The Magnificent Seven See the Dentist

©Photo: Jacqueline Codron

Ivory is being removed from the Letaba Elephant Museum - but not by thieves. A team of scientists, headed by JacquelineCodron and including Daryl Codron, Professor Julia Lee-Thorp and Professor Matt Sponheimer, have drilled holes in six tusks from six of the Magnificent Seven.

Using a special hand-held drill, they have extracted three ivory cores from each tusk. Each core is about 10mm in diameter, and will be used to determine the diet of the elephants during their life span.

"We hope to reconstruct the diets of these six elephants for most of their lifetimes, to see what they ate and how their diets were affected by various factors during the last century."

The cores taken from elephant tusks resemble a core taken from a tree, with visible growth rings. As an elephant's tusks grow, layers of dentine are laid down, forming light and dark bands that are protected on the external surface by enamel or cementum in elephants. 

The composition of the dentine is affected by what the elephants ate, and so by studying the various layers of dentine the dietary history of the elephant can be seen. There are also seasonal differences in dentine, with dark bands being produced when the tusk grows in winter and light bands from summer growth.

Three samples have been taken from each tusk, from the tip, middle and base of the tusks. This is because the oldest dentine is found at the tip, and the most recent at the base of the tusk. The holes do not go all the way through the tusk, as the core is broken off within the tusk. Professional artist Rob Wishart, who was involved in the original museum display, will refill the holes so that the tusks retain their aesthetic beauty. 

The team, including Sanparks staff and in particular, Fritz Rohr, have drilled one tusk each from Shingwedzi, Dzombo, Ndlulamithi, Kambaku, Phelwana and Nhlangulene. This gives them cores from three elephants that lived in the north of the park, and three from the south.Using a diamond tipped mini-drill the researchers will sample various growth lines in each core. Each core is expected to yield about 30 powder samples. These will then be analysed using a Stable Light Isotope Ratio Mass Mpectrometer, which will focus on carbon and oxygen atoms. The ratio of the different molecular weight carbon atoms, carbon-13 and carbon-12, will provide information on what kinds of plants the elephants ate. The ratio of oxygen-18 to oxygen-16 atoms will give an idea of rainfall and temperature.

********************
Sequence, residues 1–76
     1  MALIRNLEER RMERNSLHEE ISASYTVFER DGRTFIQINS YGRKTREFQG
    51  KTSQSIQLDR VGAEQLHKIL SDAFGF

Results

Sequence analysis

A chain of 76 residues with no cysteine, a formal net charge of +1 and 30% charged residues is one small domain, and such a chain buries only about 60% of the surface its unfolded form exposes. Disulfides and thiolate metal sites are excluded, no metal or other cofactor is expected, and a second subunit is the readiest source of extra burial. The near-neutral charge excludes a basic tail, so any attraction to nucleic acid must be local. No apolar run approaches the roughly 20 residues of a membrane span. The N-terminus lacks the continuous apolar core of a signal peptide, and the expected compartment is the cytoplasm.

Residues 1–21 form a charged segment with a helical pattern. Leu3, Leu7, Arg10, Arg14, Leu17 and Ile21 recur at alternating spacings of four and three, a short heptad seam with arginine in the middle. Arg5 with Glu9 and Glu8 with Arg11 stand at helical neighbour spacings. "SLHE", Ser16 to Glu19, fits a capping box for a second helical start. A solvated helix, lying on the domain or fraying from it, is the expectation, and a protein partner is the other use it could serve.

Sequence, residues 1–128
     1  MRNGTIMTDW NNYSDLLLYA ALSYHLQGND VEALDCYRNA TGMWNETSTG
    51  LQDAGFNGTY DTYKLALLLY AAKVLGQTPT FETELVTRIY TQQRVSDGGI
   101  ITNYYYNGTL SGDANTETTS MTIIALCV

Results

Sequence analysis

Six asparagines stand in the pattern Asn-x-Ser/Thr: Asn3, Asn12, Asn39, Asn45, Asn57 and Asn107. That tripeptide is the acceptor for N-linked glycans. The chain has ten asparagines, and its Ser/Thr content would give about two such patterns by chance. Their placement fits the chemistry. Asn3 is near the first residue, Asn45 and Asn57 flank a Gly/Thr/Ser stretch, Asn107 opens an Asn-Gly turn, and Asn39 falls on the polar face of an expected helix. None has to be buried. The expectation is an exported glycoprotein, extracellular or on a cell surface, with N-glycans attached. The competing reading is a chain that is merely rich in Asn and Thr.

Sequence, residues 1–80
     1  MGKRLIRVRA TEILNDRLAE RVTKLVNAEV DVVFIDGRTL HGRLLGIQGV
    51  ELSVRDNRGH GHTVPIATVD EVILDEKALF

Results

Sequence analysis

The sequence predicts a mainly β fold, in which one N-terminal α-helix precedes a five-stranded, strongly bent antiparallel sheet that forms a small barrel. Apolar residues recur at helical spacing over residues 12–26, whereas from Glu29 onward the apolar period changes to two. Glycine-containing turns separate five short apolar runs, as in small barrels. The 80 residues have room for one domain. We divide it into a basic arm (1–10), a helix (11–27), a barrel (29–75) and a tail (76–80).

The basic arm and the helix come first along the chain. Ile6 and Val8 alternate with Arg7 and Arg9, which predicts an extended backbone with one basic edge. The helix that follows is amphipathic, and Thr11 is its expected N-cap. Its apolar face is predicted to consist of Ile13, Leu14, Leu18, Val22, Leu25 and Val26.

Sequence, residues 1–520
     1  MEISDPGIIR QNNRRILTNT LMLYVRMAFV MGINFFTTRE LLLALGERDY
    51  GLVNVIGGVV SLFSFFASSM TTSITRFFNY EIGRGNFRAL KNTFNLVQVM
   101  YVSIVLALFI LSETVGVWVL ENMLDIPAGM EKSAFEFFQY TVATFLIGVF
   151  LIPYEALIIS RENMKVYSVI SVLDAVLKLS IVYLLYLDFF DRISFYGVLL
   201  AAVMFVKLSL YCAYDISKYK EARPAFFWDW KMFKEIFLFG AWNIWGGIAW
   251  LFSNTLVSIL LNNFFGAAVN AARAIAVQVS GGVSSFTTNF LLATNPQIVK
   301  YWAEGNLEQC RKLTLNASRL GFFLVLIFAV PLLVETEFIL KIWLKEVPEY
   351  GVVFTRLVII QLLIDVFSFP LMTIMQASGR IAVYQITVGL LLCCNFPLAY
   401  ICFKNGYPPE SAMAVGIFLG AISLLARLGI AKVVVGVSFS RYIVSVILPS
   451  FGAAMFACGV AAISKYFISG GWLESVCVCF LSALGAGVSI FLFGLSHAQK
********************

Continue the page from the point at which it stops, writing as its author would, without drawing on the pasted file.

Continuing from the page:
Once the results are obtained, they can be compared to rainfall data for the Kruger Park, and Jacquelinecan then see if droughts and other environmental factors have influenced the elephant's diets.Carbon atoms can be used to see what the elephants ate because grasses have a different method of photosynthesis to woody plants like trees and shrubs. The different photosynthetic methods produce different amounts of carbon-13 in the plant matter, which then shows up in the dentine of elephants when they eat grass-rich or shrub-rich diets.
"It is therefore possible to analyse sections of the ivory, band for band, and record how the elephant's diet has changed during his lifetime. It is also possible to link these changes to other factors like rainfall, drought, climate and management policies," says Jacqueline.
Jacqueline says that if they can determine what influences what elephants choose to eat, they may be able to predict future trends in dietary behaviour if the environment changes, and incorporate this in effective management plans.
They are expecting to find differences between the northern and southern elephants, because there are mainly mopane trees in the north, while the south has a much greater variety of tree species. Jacqueline is also expecting to find out how the amount of grass in the elephants' diets changes in periods of low rainfall.

Once the data from the ivory rings has been matched with rainfall records, Jacqueline also hopes to be able to see what influences things like the construction of fences, artificial waterpoint provision, culling and fire regimes have had.

The results of the research will be displayed at the Letaba Elephant Museum.

By Melissa Wray

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